2. Brewin states that flashbacks are caused by pathological encoding of an event. By this, he means that an event can be so extreme that it produces very strong imagistic sensation memory (S-reps) and weak/disconnected verbal contextual memory (C-reps). So far, I like this description of flashbacks a lot. My apprehension is about the next step in Brewin’s reasoning. In his view, all that is needed for a flashback to occur is for the imagistic sensory memory to be activated. Boom! Flashback!
I feel a bit like Peggy Lee — “Is that all there is?” Is there no other factor involved? I feel like something is missing. I feel this even more strongly when Brewin uses this same formula to explain dissociative flashbacks. According to Brewin, if the verbal contextual memory is completely absent, then any activation of the S-rep will cause a flashback that produces a complete loss of contact with the here-and-now.
What is the something else that might be missing? In nondissociative flashbacks, I think the missing piece is affect — usually fear. Have you noticed that both flashbacks and their treatment (i.e., some form of prolonged exposure) operate according to the model of a simple phobia. I think that flashbacks are a perverse positive feedback loop among the amygdala and the decontextualized S-reps (and perhaps the insula as well). This is basically a phobic reaction to the images and sensations associated with the traumatic event. In short, I think flashbacks are driven by a ‘pulsing’ amygdala.
I also think that there is something missing in Brewin’s explanation of dissociative flashbacks — namely, a hypnotic brain. I would be willing to bet that dissociative flashbacks only occur in PTSD patients with high hypnotizability. High hypnotizability is a normal trait, but I think a flashback operates as something of an implicit ‘suggestion’ to remember/reexperience the event. If this is correct, then dissociative flashbacks are a binary phenomenon (flashback + hypnotic response). Elsewhere, I have described this binary phenomenon in terms of the flashback ‘hijacking’ a normal ability (i.e., high hypnotizability) or a normal mechanism (i.e., a hypnotic brain).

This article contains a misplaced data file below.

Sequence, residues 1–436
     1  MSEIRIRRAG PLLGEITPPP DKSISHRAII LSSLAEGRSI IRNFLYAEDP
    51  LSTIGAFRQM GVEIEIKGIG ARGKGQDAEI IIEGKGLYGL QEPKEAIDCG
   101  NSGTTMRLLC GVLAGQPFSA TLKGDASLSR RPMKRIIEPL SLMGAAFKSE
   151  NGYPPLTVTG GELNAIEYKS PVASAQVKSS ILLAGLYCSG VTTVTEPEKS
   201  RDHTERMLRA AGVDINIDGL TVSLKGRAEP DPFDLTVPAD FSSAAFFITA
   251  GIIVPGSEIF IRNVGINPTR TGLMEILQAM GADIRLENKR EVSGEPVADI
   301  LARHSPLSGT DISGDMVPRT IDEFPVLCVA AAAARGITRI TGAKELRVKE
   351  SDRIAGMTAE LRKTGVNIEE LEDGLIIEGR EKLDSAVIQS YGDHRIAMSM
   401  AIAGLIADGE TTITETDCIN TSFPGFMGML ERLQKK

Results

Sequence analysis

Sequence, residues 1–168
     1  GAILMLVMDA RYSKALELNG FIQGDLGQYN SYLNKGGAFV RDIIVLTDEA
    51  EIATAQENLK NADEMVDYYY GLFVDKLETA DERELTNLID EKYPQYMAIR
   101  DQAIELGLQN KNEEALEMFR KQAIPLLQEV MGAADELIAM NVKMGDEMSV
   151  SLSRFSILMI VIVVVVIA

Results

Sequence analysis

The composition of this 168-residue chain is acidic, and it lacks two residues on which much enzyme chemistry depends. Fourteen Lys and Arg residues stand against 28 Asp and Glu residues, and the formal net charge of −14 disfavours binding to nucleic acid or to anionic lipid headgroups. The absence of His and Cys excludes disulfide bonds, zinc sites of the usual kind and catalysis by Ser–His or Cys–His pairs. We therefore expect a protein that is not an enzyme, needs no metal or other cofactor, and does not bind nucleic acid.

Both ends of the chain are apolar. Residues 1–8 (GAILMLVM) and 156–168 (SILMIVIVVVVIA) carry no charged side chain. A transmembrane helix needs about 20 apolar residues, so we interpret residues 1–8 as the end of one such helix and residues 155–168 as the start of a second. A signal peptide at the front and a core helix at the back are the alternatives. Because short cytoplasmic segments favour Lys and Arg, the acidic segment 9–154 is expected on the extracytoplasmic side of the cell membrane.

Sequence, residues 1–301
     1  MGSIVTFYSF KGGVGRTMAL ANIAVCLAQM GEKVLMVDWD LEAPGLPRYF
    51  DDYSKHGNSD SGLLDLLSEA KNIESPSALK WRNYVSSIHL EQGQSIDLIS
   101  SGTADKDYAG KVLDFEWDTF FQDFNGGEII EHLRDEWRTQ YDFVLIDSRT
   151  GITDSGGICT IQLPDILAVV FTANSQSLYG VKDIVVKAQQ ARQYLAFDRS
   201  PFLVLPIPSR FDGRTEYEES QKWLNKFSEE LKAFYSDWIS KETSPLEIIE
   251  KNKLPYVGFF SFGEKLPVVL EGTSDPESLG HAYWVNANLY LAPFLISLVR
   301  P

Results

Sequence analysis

Time to end this post. It has gotten too long.
But, for the research mavens in our midst, there is a bonus round.
RESEARCH IDEAS: There are surprisingly few empirical publications on flashbacks. There are even fewer articles on the phenomenology of flashbacks.
1. If PTSD patients who report having dissociative flashbacks are compared to PTSD patients with no history of dissociative flashbacks, will these two groups differ in their hypnotizability?
2. What is the difference, if any, between the flashbacks (that are experienced in the first month after trauma) of those who go on to develop PTSD and those who do not develop PTSD?
3. What is the difference, if any, between the flashbacks of trauma survivors who develop Acute Stress Disorder (ASD) and those who do not?
4. What is the difference in the flashbacks that are experienced by PTSD patients with low dissociation scores vs. those that are experienced by PTSD patients with high dissociation scores?
5. What is the difference in the flashbacks that are experienced by PTSD patients with high hypnotizability and those that are experienced by PTSD patients with low hypnotizability?
6. What is the difference in the flashbacks of ASD patients with high hypnotizability and those of ASD patients with low hypnotizability?
7. What is the difference between the flashbacks of persons with DID and the flashbacks of persons with PTSD only (and are there two identifiable subgroups among the PTSD patients — dissociative and nondissociative)?
Note: The key issue in each of the above research questions is the phenomenology of the flashbacks. Not all flashbacks are the same. There is a great need for all kinds of phenomenological research on flashbacks.
Skepticism About Trauma and PTSD
Graduate students who are interested in such research topics are counseled to beware of skeptics in academia. Graduate students should know that there are some academics with highly jaundiced views about the reality of trauma, the reality of flashbacks, and the very existence of PTSD. These skeptics can be found in some clinical psychology programs in the US and especially in academic settings in the UK. Even Chris Brewin, a very well-respected British researcher of PTSD, found it necessary to title his recent book: Posttraumatic Stress Disorder: Malady or Myth. ‘Nuf said for now.